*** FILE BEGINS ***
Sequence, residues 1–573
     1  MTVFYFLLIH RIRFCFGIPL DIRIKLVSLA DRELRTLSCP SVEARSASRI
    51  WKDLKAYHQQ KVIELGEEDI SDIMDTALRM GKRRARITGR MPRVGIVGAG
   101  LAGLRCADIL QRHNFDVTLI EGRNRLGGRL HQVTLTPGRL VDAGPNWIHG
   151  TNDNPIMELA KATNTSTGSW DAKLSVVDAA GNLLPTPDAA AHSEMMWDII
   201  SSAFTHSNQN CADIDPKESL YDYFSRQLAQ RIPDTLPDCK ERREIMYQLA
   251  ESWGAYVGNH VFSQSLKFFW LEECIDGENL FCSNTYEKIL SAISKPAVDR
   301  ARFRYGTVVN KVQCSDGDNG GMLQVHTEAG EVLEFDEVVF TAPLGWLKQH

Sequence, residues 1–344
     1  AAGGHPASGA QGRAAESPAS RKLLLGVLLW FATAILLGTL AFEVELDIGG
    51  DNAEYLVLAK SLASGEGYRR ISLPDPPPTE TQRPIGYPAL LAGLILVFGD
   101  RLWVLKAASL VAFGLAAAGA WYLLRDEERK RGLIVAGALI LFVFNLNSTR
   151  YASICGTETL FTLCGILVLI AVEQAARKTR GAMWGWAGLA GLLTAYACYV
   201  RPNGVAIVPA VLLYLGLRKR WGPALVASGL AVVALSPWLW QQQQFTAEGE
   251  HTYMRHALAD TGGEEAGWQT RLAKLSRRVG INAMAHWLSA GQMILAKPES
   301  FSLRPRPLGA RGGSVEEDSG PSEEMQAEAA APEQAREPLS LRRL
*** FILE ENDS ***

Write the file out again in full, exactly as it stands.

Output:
Sequence, residues 1–573
     1  MTVFYFLLIH RIRFCFGIPL DIRIKLVSLA DRELRTLSCP SVEARSASRI
    51  WKDLKAYHQQ KVIELGEEDI SDIMDTALRM GKRRARITGR MPRVGIVGAG
   101  LAGLRCADIL QRHNFDVTLI EGRNRLGGRL HQVTLTPGRL VDAGPNWIHG
   151  TNDNPIMELA KATNTSTGSW DAKLSVVDAA GNLLPTPDAA AHSEMMWDII
   201  SSAFTHSNQN CADIDPKESL YDYFSRQLAQ RIPDTLPDCK ERREIMYQLA
   251  ESWGAYVGNH VFSQSLKFFW LEECIDGENL FCSNTYEKIL SAISKPAVDR
   301  ARFRYGTVVN KVQCSDGDNG GMLQVHTEAG EVLEFDEVVF TAPLGWLKQH

Sequence, residues 1–344
     1  AAGGHPASGA QGRAAESPAS RKLLLGVLLW FATAILLGTL AFEVELDIGG
    51  DNAEYLVLAK SLASGEGYRR ISLPDPPPTE TQRPIGYPAL LAGLILVFGD
   101  RLWVLKAASL VAFGLAAAGA WYLLRDEERK RGLIVAGALI LFVFNLNSTR
   151  YASICGTETL FTLCGILVLI AVEQAARKTR GAMWGWAGLA GLLTAYACYV
   201  RPNGVAIVPA VLLYLGLRKR WGPALVASGL AVVALSPWLW QQQQFTAEGE
   251  HTYMRHALAD TGGEEAGWQT RLAKLSRRVG INAMAHWLSA GQMILAKPES
   301  FSLRPRPLGA RGGSVEEDSG PSEEMQAEAA APEQAREPLS LRRL